F1 teams can also split the use of both configurations by fitting a pull-rod at the front and push-rod at the rear or vice-versa.

Ferrari SF-23 pull-rod rear suspension

Ferrari SF-23 pull-rod rear suspension

Photo by: Giorgio Piola

Which F1 teams use push-rod or pull-rod suspension on their cars?

Red Bull and McLaren have been the only teams to use a pull-rod configuration on its front suspension for the past two years of ground-effect cars. But Sauber and R.B. have become the next teams to use a pull-rod configuration at the front for the 2024 season.

The Swiss outfit has made extensive changes after finishing next-to-bottom in the 2023 constructors’ championship, while Red Bull’s sister squad has taken a development direction similar to the world champions.

What will help Sauber’s transition is technical director James Key, who joined the team from McLaren in September 2023 even though it had already decided on a pull-rod before then.

Sauber C44 has pull-rod front suspension

Sauber C44 has pull-rod front suspension

Photo by: Sam Bloxham / Motorsport Images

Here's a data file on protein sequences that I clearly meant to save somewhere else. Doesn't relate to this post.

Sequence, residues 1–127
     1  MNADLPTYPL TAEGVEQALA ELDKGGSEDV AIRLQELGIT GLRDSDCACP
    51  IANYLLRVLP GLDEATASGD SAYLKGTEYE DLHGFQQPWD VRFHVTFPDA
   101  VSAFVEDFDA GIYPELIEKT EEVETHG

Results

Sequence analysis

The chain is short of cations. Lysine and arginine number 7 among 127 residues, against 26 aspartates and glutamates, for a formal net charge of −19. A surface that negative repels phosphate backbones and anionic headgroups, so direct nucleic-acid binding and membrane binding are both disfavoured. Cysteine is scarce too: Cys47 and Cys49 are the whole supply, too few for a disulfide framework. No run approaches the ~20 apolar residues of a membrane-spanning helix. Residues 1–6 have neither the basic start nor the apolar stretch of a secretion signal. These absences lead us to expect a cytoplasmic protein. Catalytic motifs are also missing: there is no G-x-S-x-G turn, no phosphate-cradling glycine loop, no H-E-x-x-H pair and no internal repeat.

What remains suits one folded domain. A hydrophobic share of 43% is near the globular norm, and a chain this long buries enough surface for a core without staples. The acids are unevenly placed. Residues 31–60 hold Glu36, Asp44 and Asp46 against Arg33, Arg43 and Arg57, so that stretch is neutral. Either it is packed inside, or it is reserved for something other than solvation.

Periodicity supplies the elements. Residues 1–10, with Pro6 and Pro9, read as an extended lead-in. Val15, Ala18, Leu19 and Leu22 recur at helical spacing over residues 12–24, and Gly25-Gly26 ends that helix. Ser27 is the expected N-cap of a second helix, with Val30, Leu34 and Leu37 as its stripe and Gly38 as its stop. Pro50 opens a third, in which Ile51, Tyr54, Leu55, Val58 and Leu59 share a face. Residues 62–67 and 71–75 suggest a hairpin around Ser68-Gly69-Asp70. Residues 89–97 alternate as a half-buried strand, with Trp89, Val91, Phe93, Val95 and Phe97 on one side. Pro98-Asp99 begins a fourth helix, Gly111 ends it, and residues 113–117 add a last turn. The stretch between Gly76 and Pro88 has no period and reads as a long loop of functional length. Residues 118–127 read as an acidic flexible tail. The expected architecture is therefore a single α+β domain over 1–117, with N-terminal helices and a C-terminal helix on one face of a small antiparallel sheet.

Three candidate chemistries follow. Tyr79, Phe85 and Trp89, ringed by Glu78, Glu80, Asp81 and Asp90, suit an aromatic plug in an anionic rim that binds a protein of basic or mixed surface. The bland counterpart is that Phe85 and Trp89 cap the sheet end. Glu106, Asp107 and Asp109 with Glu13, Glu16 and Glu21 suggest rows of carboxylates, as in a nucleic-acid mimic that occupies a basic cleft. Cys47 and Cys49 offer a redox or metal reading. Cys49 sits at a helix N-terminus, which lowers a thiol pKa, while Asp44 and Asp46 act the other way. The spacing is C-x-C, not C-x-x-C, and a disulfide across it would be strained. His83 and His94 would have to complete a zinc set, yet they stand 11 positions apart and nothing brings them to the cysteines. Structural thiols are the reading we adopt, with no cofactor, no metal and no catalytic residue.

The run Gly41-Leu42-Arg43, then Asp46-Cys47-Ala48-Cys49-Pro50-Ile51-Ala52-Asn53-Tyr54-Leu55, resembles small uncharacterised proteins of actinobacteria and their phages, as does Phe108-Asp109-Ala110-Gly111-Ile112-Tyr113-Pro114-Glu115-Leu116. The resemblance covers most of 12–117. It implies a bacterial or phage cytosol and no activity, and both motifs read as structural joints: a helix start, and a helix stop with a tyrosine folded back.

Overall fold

He believes the aero gains of a pull-rod configuration far outweigh the practicality problems it presents because “it is all about managing your front tire wake” – a turbulent air flow around the car.

Key also thinks that more teams will follow suit as “fundamentally, it’s the right thing to do” and there is probably no better example of that than Red Bull. Using a front pull-rod configuration, Red Bull has won the past two championships with rounds to spare – including winning 21 of 22 grands prix in 2023 – and its suspension played a pivotal role in that.

A pull-rod suspension has helped Red Bull to have a sharp front end which is exactly to the liking of world champion Max Verstappenand the stiffness that presents gives the team a big advantage in the ground-effect era due to its low center of gravity.

But Red Bull uses a push-rod configuration on its rear suspension which is in line with most of the grid because Key thinks the debate “at the rear isn’t a talking point really. It is mechanically better to go push-rod for various packaging reasons” as it can help to narrow the gearbox and alter the floor shape, which opens up downforce-producing performance at the car’s rear.

Red Bull's RB20 has push-rod rear suspension

Red Bull’s RB20 has push-rod rear suspension

Photo by: Giorgio Piola

In 2024 eight teams will be using a push-rod configuration at the rear as opposed to five from 2023, because Mercedes and its customer outfits – except for Williams – have made the switch.

Ferrari will be using a pull-rod configuration at the rear in 2024 as technical director Enrico Cardile explained how its rear suspension “is a bit different” to the Scuderia’s rivals, particularly Red Bullso it is not as well-suited to a push-rod structure.